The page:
Attorney General Eric Holder this week called on states to do away with arcane laws that prohibit more than 6 million felons, most of whom are people of color, from voting in a speech at Georgetown University Law Center. "Those swept up in this system too often had their rights rescinded, their dignity diminished, and the full measure of their citizenship revoked for the rest of their lives," Holder said in the speech. "They could not vote."
You might call it a nascent civil rights movement in response to the new Jim Crow.
About 150 people gathered Saturday morning at St. Peter Baptist Church in Glen Allen to discuss mass incarceration, the war on drugs and their effect on the black community. The Virginia Alliance Against Mass Incarceration has scheduled forums Wednesday in Richmond’s East End.
The U.S. election system is in crisis. Big-money interests dominate U.S. politics in ways unknown in other industrialized countries, with social and environmental progress often blocked by officials who cater to big donors to insure re-election funds. Incumbents are unfairly insulated by district gerrymandering and rules, which obstruct independent candidates and parties. In recent years, voters themselves have faced political and even racial obstacles in casting votes and in getting their votes counted.
The United States houses 25% of the world's inmates despite having only 5% of the world's population. This fact prompted former Senator Jim Webb of Virginia to say, "Either we have the most evil people on earth living in the U.S., or we are doing something dramatically wrong in terms of how we approach the issue of criminal justice." The prison industrial complex has a vested interest in keeping people locked up.
How will you honor the legacy of Martin Luther King Jr. this April 4, the anniversary of his assassination? How about by demanding that Congress get out of Wall Street’s pocket? How about by letting your representative know that you support economic equality and a just distribution of wealth in America? As Dr. King himself said, “This is America’s opportunity to help bridge the gulf between the haves and the have-nots. The question is whether America will do it. There is nothing new about poverty. What is new is that we now have the techniques and the resources to get rid of poverty. The real question is whether we have the will.”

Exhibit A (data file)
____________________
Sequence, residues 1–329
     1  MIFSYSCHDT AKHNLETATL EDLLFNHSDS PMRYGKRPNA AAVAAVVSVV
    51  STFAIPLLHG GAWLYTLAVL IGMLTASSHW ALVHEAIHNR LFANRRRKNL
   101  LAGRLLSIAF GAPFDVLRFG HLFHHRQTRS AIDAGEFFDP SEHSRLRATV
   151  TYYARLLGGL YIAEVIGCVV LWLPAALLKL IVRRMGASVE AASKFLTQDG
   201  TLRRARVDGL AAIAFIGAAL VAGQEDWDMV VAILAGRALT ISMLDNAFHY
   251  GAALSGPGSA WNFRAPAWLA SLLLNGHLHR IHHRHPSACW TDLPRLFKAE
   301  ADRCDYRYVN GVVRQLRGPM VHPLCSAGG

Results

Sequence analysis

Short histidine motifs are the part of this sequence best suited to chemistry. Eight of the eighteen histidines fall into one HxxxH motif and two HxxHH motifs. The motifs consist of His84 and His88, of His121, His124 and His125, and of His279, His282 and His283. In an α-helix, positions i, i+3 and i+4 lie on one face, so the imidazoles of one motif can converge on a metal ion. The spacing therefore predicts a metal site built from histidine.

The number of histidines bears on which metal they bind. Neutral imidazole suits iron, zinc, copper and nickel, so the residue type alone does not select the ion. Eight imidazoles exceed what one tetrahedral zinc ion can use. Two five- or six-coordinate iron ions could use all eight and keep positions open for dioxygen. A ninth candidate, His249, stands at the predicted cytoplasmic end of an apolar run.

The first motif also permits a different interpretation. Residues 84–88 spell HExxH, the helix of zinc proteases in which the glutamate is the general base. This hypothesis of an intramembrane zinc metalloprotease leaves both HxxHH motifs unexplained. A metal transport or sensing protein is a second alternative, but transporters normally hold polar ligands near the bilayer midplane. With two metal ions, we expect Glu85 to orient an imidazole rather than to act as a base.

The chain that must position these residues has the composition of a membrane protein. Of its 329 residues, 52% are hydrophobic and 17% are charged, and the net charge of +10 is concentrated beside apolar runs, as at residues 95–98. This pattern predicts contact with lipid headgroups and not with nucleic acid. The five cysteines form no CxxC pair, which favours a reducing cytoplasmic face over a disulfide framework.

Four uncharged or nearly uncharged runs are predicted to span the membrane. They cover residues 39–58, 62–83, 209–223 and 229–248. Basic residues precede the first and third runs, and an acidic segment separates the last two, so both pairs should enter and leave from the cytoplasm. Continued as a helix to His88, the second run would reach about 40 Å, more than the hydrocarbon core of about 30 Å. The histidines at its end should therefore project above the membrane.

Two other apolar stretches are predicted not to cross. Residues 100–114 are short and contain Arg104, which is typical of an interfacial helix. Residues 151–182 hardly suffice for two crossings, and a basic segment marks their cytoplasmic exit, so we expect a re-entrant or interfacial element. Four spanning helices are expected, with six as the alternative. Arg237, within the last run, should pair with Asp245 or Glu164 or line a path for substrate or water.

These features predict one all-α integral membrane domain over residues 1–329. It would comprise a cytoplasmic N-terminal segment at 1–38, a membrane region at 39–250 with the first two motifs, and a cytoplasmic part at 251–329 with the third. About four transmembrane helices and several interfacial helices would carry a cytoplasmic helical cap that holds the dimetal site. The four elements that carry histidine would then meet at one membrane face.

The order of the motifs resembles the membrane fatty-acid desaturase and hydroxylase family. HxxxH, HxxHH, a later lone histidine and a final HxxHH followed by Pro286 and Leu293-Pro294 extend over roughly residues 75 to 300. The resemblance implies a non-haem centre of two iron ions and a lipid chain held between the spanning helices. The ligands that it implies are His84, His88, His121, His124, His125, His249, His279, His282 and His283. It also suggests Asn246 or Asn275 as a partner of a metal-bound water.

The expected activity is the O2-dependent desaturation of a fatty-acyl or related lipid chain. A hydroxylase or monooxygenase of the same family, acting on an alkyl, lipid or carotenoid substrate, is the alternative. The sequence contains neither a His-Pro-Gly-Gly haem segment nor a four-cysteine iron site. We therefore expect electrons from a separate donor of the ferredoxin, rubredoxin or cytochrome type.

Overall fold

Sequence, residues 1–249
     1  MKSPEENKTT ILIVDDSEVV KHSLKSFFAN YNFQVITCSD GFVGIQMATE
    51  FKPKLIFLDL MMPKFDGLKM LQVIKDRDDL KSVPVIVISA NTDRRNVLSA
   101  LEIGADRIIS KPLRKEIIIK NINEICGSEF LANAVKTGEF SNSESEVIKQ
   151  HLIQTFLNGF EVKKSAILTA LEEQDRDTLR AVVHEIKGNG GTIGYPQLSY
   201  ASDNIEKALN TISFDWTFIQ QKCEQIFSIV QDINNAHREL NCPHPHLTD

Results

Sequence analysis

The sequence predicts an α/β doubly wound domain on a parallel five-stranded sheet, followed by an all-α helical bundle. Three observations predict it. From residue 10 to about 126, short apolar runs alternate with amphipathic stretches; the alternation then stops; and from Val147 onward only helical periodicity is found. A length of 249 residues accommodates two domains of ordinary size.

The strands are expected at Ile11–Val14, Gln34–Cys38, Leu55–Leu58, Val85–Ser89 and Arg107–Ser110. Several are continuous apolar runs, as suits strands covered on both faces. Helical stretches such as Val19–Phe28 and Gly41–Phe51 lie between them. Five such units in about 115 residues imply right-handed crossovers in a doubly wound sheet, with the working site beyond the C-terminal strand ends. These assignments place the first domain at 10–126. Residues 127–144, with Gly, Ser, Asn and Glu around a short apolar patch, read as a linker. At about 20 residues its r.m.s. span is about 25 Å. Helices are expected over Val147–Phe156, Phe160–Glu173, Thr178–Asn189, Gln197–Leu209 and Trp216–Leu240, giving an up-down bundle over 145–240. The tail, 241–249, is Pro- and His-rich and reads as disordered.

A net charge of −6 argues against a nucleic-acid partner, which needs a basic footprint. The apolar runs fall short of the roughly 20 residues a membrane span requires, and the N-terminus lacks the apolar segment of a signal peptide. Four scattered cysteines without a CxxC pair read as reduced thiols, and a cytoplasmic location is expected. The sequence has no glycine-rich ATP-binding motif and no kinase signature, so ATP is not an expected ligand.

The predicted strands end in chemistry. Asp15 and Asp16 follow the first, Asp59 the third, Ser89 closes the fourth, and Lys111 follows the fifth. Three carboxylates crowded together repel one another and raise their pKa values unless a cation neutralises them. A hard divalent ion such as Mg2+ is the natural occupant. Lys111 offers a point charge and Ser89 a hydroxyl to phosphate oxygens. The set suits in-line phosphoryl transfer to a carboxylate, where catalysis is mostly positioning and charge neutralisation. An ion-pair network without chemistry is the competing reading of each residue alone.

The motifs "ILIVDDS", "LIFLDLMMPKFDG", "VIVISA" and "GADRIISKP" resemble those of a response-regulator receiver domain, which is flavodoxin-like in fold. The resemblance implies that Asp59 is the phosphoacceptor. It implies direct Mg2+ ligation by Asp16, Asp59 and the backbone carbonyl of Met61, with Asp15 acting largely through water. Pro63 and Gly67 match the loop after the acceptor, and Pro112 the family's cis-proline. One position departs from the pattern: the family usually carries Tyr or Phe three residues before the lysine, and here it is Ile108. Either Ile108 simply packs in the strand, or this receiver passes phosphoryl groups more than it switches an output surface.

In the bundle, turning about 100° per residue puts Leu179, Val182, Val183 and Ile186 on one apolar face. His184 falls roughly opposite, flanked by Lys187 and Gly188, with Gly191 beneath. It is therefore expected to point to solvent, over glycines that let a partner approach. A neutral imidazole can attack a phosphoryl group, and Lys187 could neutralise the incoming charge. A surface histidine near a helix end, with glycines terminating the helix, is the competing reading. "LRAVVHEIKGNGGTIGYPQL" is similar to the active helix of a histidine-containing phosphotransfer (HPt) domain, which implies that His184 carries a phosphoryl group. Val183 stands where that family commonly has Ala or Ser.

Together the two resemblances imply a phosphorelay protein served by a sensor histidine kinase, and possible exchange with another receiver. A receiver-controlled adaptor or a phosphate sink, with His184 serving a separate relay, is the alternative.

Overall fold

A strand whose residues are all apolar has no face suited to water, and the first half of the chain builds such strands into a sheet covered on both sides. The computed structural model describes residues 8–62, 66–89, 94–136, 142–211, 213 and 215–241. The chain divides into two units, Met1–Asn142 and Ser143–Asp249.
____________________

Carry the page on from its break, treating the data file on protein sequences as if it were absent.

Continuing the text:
With Congress about to begin the next cycle of budget battles – mostly focused on how much more pain to inflict on Main Street communities across America – a far different message is bubbling up across the land.
Simply put, the big idea behind the Robin Hood Tax is to generate hundreds of billions of dollars. That money could provide funding for jobs to kickstart the economy and get America back on its feet. It could help save the social safety net here and around the world. And it will come from fairer taxation of the financial sector.
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CREDO Petition - Stop the Massive Corporate Power Grab
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